TrustPower customer base continues to decline

Electricity generator and retailer TrustPower continues to lose customers in what continues to be a challenging and competitive market.

Figures released by the company, which owns Waipori Dam, near Dunedin, showed it had lost another 1000 customers between the end of March and the end of June.

At the end of June, the company had 208,000 customers, down from 209,000 in March and down 12,000 from June 30 last year.

Customer sales fell to 973,000GWh in the three months ended June compared with 1.03 million GWh in the three months ended March. In the 12 months to March, the company sold nearly four million GWh.

TrustPower chairman Bruce Harker said at yesterday's annual meeting it was clear that the retail market remained competitive and that customers had choices. They could change their supplier if they were not happy with the service, the price, or the corporate responsibility of their retailer.

"Your company has never seen retail as a route to market for its generation schemes. It has always strived for service excellence, low costs to serve and relevance to customers.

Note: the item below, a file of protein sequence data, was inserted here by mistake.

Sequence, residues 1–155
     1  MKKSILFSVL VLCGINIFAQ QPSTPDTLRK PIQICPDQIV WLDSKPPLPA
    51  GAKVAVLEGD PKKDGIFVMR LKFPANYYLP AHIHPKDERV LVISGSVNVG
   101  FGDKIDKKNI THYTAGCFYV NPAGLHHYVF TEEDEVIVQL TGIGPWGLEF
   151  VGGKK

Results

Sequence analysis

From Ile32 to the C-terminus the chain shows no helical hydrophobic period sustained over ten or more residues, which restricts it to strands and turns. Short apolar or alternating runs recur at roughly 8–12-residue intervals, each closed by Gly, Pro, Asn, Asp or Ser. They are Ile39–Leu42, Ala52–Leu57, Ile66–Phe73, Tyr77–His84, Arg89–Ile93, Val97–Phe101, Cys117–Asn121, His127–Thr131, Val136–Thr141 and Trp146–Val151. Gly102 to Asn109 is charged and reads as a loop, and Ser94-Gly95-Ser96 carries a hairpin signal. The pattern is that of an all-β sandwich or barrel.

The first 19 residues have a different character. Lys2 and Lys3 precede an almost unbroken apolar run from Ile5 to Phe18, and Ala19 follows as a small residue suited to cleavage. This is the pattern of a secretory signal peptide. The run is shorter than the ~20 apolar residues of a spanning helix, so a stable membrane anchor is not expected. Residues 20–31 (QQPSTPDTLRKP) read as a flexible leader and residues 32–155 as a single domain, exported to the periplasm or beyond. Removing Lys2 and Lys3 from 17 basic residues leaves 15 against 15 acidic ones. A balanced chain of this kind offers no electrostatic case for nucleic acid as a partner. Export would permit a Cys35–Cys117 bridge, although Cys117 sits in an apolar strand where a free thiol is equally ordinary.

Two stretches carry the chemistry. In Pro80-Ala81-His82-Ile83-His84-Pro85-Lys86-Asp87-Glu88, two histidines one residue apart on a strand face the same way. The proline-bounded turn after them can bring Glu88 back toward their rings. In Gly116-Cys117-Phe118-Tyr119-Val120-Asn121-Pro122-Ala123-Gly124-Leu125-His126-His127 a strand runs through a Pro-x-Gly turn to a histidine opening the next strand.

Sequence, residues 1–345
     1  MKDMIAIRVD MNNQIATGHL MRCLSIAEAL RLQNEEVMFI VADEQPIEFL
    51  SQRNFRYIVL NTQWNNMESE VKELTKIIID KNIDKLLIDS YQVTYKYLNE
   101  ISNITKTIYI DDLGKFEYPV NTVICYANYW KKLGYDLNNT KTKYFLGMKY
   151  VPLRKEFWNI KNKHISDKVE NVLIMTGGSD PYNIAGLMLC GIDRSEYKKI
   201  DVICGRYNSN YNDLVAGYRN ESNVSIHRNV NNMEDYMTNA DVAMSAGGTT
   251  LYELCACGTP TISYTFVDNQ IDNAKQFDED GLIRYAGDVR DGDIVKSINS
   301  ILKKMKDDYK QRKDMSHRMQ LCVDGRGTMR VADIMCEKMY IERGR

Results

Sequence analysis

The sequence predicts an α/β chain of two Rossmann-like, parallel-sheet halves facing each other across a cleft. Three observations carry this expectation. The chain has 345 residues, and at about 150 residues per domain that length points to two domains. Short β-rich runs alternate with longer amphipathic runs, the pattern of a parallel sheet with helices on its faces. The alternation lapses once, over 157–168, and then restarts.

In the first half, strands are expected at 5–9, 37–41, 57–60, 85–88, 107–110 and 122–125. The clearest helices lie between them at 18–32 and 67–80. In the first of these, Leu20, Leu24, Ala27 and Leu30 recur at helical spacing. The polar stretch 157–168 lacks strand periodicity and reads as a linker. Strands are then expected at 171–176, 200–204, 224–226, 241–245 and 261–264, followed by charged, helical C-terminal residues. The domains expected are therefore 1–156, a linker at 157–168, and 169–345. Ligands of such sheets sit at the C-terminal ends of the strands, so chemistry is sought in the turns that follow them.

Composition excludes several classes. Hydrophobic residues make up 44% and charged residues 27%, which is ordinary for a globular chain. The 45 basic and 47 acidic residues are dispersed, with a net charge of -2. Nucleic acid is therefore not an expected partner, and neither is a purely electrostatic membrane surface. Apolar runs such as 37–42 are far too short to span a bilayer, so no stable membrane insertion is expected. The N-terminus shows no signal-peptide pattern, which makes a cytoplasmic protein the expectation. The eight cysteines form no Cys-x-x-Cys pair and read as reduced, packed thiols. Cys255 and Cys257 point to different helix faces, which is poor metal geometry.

"TrustPower's retail business is performing well, despite the fall in customer numbers, in the context of the very competitive retail market."

North Island hydro-electricity generation fell to 182GWh in June compared with 277GWh in March and South Island hydro-electricity generation fell to 266GWh from 271GWh.

Total wind generation fell marginally to 156GWh from 157GWh.

Dr Harker said the total New Zealand generation production was 604GWh in the quarter, 14% below the pcp but less than 2% below the expected long-term average production. That reflected very strong hydro-electricity production in the previous period.

New Zealand hydro-electricity storage levels improved during July and wholesale electricity prices fell as a result, he said.

Mass market customer sales were down 5% for the quarter, predominantly due to lower customer numbers. Time-of-use sales were down 5% but TrustPower sold 35GWh more volume through the ASX during the quarter than the previous period because that was determined to be the best product placement option given high wholesale electricity prices.

Mass market competition remained strong, Dr Harker said.



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